Suspended almost 100 ft (30 m) above sea level, the rope bridge was first erected by salmon fisherman nearly 300 years ago.

Brave the exhilarating experience by crossing the Carrick-a-Rede Rope Bridge high above the water and open to the elements – feel the creak of wooden slats in the rushing wind. Hear the waves swirling in beneath your feet. And breathe in the salty spray rising from below.

When we arrived at the bridge, there was a huge crowd, and the bridge itself was closed… It turned put that the security people are constantly checking the wind powers and if people are allowed to cross. We had to wait at least half an hour before it was our turn after reopening.

The wait was worth it, the views are amazing! The entry price is 10 Pounds, kids under 5 go for free, between 5 and 17 the price is 5 Pounds.

Thanks to the excessive fishing and the river pollution, there is no more salmon in this area, the last one was caught in 2002. Back in the days there were 80 fisherman everyday, now only the tourist are left.

After we were completely blown away, both literally and not, we headed to our van and the biggest attraction in Northern Ireland – Giant’s Causeway.

This is nature at its most primal: carving the land into mad formations that send the imagination into overdrive… No wonder dreamy and fantastical myths surround it. 

Stand on the hills that gently arc this precious place and you’ll look down on thousands of basalt columns tumbling down into the Atlantic Ocean. It’s an epic sight, with a whopping 40,000 or so of these hexagonal-shaped stepping stones, which date back to a volcanic age almost 60 million years ago.

Step into the Giant’s Causeway Visitor Centre and you can discover a story that’s close to the heart of this UNESCO World Heritage Site. The star of the show is Fionn mac Cumhaill (Finn McCool) – an Irish giant who picked a fight with Scottish big man Benandonner.

Legend has it that the giants loathed each other. And so one day after enduring insults from Benandonner, Fionn built a path to use as stepping-stones to reach Scotland, which was then ripped up by Benandonner. The result was the Giant’s Causeway. 

And what a truly unique place it is. An enjoyable walk of just under a kilometre will bring you down to the Causeway itself, where you can hop over the stones, explore the surrounding hills, or just sit and contemplate the puzzling geology that has led to one of the most remarkable natural sites in Europe. You can also take the small bus, costing only 2 Pounds.

Keep in mind that the entry fot the site is free, only the visitor’s center is paid. But if you want to buy a souvenir of any kind you get it only from there. This was an unusual paradox for me and had no desire to get in. The price is 10 Pounds, besides the shop there is an exhibit about the site. Many people claim that it is mandatory to go through the center but that’s not the truth. You just have to pass it and go under a bridge close to it where is the beginning of the path taking you to Giant’s Causeway.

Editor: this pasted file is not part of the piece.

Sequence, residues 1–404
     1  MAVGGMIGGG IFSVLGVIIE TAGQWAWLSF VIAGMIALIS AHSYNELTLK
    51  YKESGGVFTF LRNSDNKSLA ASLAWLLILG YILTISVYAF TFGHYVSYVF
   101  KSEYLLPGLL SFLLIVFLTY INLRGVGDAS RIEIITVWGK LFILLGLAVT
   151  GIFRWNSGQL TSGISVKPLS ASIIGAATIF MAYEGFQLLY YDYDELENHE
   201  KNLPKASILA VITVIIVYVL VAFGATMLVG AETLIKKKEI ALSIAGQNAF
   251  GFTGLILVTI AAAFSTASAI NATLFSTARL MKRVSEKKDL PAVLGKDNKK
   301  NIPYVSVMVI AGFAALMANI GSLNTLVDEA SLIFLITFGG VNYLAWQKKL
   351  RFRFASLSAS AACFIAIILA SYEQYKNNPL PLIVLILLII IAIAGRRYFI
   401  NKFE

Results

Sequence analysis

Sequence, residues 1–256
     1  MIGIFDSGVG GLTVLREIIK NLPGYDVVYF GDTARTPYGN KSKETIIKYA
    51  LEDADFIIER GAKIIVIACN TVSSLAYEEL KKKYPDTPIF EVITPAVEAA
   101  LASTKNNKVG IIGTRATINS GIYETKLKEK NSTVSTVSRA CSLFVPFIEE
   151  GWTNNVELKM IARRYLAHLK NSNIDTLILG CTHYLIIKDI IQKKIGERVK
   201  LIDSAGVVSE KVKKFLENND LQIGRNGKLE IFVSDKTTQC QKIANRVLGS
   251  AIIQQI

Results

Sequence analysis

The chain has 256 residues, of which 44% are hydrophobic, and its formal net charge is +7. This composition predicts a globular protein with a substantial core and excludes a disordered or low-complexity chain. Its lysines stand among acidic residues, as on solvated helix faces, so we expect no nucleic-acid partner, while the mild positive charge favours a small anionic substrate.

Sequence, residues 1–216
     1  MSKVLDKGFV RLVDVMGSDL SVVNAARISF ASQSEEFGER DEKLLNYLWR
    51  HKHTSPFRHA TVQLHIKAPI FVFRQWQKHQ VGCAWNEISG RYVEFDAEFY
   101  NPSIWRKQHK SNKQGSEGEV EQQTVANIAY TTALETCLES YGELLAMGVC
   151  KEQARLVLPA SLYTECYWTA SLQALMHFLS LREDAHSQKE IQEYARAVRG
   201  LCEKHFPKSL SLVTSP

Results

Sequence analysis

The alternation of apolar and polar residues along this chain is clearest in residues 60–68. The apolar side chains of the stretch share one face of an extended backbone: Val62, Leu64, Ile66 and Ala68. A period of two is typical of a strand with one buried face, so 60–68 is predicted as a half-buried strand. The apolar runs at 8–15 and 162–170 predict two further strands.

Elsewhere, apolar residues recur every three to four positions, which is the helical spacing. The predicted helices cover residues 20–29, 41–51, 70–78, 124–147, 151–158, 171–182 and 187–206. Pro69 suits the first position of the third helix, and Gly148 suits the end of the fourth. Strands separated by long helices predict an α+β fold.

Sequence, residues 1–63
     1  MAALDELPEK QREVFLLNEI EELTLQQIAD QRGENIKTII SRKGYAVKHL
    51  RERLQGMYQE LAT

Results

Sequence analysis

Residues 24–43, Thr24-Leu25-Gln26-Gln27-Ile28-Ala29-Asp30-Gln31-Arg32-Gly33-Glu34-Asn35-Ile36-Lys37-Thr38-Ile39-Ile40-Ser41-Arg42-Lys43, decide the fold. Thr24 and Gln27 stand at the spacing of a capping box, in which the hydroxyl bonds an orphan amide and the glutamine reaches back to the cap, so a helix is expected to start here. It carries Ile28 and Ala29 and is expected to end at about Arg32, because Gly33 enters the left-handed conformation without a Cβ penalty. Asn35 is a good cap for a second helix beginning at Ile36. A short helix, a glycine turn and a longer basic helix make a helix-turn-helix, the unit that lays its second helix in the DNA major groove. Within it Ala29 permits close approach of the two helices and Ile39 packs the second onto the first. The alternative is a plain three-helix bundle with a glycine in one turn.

So, with full hearts we went on the road again. Had a little stop at the iconic ruin of Dunluce Castle, which bears witness to a long and tumultuous history. First built on the dramatic coastal cliffs of north County Antrim by the MacQuillan family around 1500, the earliest written record of the castle was in 1513.

It was seized by the ambitious MacDonnell clan in the 1550’s, who set about stamping their mark on the castle under the leadership of the famous warrior chieftain Sorely Boy MacDonnell during an era of violence, intrigue and rebellion.

In the 17th century Dunluce was the seat of the earls of Antrim and saw the establishment of a small town in 1608. Visitors can explore the findings of archaeological digs within the cobbled streets and stone merchants’ houses of the long-abandoned Dunluce Town.

The dramatic history of Dunluce is matched by tales of a banshee and how the castle kitchens fell into the sea one stormy night in 1639.

Next was our last stop for the tour made popular by the Game of Thrones show – the Dark Hedges.

Everything down to the evocative name, “Dark Hedges” screams atmosphere, but when the rows of trees on this lane were originally planted, they were simply meant to welcome visitors to a manor house.

Planted in the 18th century by the Stuart family, the opposing rows of beech trees were meant to create an impressive, scenic road leading up to their estate, Gracehill House. However as the trees matured they began to bend over the road and their upper branches intermingled creating a shadowy arboreal tunnel.

The bent trunks and gnarled branches give the road an aura of the supernatural, which has landed the Irish thoroughfare a number of background roles in both movies and television shows such as Game of Thrones. The Dark Hedges have even developed their own ghost story featuring a “Grey Lady” who floats along behind the rows, and disappears just as the lane ends.      

And so, after this beautiful view we headed back to Belfast. Arrived around 6.30 PM and the only thing we waited was some food and to go back to Dublin. We had pre-bought tickets for the bus at 8 PM but the search for food was almost impossible since everything was closed. Finally we found a Burger king that was good enough.

Then we went to the bus stop and started to wait… No matter that the bus was supposed to come in 8 it was pretty late and was here around 9. You can imagine our frustration when we were just waiting, having no idea what is going on, on the sidewalk next to hotel Europe and it was starting to rain. There was a huge crowd gathered and no one seemed worried. Apparently it was normal but I thought that nowadays there are no issues like such delays and schedule problems.

When the bus finally came the people with online tickets got in first and some of the others had to wait for the next one.

This experience clouded a bit my wonderful impression from Belfast but quickly forgot it. The beauty that we saw and the pleasant experiences we had in the city overwrote the end of the trip. I recommend to visit if not the city than some of the sites around it, the views are unforgettable and incomparable.

Stay tuned for my Ireland diaries and don’t stop to travel!

Author: marinelapetrunova